Wildlife attraction receives State Government support

Conservation Ecology Centres’ Jack Pascoe, Lizzie Corke and Toni Stevens were thrilled to receive $1.5 million from the State Government to assist with the cost of construction of the centre’s new Wildlife Wonders ecotourism venture. State Regional Development Minister Jaala Pulford, pictured below right with Conservation Ecology Centre co-owner Shane Neal, toured the Wildlife Wonders site, west of Apollo Bay, after announcing the funding on Friday.

The State Government has demonstrated it’s faith in the “extraordinary gift” that ecotourism attraction Wildlife Wonders will bring to the region, contributing $1.5 million to its development.

State Regional Development Minister Jaala Pulford was on site at Apollo Bay’s future Great Ocean Road tourism beacon on Friday to announce the funding, which is part of the State Government’s Regional Jobs and Infrastructure Fund.

Cape Otway’s Conservation Ecology Centre is piloting the development, and its chief Lizzie Corke said the funding boost “makes everything possible”.

“The funding announcement today takes us to a really critical tipping point; we’re now able to commence work,” Ms Corke said on Friday.

“The funding announced today is an investment in the future of the Otways; for our community, for our environment, and for those visitors that come from all around the world to share this experience,” she said.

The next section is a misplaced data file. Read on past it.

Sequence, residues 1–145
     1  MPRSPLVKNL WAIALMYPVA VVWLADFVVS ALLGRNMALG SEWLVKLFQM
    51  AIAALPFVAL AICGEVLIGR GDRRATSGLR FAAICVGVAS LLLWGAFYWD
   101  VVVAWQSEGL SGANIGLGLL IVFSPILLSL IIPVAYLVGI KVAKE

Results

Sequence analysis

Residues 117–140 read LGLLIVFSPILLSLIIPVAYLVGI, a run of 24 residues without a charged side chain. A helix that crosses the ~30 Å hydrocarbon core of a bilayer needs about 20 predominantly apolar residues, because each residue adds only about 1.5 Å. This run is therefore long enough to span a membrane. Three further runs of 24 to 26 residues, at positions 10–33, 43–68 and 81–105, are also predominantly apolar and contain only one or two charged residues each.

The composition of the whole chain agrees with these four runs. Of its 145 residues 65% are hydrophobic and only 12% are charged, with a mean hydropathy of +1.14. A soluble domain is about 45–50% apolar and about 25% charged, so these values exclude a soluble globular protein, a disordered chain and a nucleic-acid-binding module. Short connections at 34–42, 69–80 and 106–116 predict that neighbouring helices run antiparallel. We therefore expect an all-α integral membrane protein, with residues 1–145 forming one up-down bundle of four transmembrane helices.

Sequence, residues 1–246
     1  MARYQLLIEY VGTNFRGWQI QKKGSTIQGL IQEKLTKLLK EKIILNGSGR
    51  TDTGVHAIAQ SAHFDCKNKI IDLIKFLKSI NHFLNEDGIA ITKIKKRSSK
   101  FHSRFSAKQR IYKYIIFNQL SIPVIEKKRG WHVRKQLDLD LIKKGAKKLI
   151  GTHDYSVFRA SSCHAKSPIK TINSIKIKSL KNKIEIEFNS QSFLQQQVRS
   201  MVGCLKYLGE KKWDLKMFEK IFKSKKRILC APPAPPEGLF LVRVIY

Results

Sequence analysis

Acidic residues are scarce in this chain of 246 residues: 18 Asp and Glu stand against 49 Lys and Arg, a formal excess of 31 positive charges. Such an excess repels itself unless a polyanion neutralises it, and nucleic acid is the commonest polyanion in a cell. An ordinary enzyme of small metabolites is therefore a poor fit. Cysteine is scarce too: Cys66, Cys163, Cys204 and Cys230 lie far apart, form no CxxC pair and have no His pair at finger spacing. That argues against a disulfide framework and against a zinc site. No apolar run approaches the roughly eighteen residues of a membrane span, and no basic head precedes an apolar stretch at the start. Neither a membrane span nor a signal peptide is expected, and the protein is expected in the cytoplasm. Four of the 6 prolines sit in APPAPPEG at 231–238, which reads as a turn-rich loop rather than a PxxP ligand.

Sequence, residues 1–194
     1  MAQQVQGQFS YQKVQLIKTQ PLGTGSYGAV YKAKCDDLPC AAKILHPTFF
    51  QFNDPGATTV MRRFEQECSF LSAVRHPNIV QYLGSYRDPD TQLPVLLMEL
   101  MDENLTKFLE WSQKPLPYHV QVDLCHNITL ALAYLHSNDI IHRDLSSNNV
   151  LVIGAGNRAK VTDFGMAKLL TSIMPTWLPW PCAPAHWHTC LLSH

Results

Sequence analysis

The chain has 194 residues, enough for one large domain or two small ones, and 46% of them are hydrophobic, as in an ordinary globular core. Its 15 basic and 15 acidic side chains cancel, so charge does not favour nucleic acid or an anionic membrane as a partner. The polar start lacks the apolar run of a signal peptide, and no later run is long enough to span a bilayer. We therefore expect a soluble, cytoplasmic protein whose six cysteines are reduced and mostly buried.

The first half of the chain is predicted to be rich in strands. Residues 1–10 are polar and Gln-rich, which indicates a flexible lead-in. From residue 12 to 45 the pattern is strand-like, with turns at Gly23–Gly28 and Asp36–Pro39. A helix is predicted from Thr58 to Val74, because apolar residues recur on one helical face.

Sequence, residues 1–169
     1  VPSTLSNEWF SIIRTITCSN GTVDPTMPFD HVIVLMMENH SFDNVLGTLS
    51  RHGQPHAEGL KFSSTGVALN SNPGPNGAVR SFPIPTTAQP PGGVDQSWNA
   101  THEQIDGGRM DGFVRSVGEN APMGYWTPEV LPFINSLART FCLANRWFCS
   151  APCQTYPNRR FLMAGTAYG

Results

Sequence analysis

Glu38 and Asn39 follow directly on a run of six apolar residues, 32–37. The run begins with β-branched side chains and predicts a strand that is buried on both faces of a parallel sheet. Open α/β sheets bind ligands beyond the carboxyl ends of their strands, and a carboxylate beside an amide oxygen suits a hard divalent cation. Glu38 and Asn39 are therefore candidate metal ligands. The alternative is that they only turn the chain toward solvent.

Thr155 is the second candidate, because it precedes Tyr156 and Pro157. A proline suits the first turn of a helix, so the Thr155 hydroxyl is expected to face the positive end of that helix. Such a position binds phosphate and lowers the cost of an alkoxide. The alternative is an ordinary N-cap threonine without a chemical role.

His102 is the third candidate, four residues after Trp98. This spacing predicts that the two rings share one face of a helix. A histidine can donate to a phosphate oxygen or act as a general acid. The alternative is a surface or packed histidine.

“As an ecotourism venture, Wildlife Wonders will offer unsurpassed opportunities for visitors to observe and learn about the Otways’ flora and fauna.

“Accompanied by a qualified conservationist guide, visitors will be able to watch koalas dozing in the treetops, potoroos and bandicoots foraging on the ferny forrest floors, and you can just imagine the kangaroos hoping across the horizon in front of that stunning ocean vista.”

Ms Pulford said Wildlife Wonders would provide “an extraordinary gift” to both Colac district and Victorian tourism by giving visitors a reason to get out of Melbourne and stay longer in the region for an “authentic, nature-based experience”.

“This region perhaps more than any other in the state; are places that people have traditionally come as day trippers,” Ms Pulford said.

“The statistics around the Twelve Apostles, not too far from here, are quite extraordinary; it is the third-most-visited tourist attraction in the country, and people stay on average less than 20 minutes and they spend less than the amount of money you’d spend on a cup of coffee.

“So for the local community this project means jobs; it means that parents can sit around the dining table at night and be confident their children can grow up to live and work in this community.

“But I think the other incredibly important part of this project is the extraordinary connection that it brings to our natural environment; this is something that captures our imagination.”

For the full story see today’s Colac Herald.

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